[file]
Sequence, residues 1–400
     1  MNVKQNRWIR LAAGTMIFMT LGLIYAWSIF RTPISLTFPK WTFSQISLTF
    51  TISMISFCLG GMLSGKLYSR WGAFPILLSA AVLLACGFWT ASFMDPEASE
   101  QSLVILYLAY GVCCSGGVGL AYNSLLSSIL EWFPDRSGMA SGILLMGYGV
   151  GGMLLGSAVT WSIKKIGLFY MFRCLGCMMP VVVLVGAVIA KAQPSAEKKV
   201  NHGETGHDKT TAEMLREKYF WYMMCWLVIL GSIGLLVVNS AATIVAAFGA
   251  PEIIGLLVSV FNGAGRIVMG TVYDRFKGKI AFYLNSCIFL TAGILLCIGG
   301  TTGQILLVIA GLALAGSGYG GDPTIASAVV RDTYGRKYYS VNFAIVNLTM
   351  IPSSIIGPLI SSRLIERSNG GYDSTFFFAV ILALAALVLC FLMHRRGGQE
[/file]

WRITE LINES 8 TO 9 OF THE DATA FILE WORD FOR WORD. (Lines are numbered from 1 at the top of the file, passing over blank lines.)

   301  TTGQILLVIA GLALAGSGYG GDPTIASAVV RDTYGRKYYS VNFAIVNLTM
   351  IPSSIIGPLI SSRLIERSNG GYDSTFFFAV ILALAALVLC FLMHRRGGQE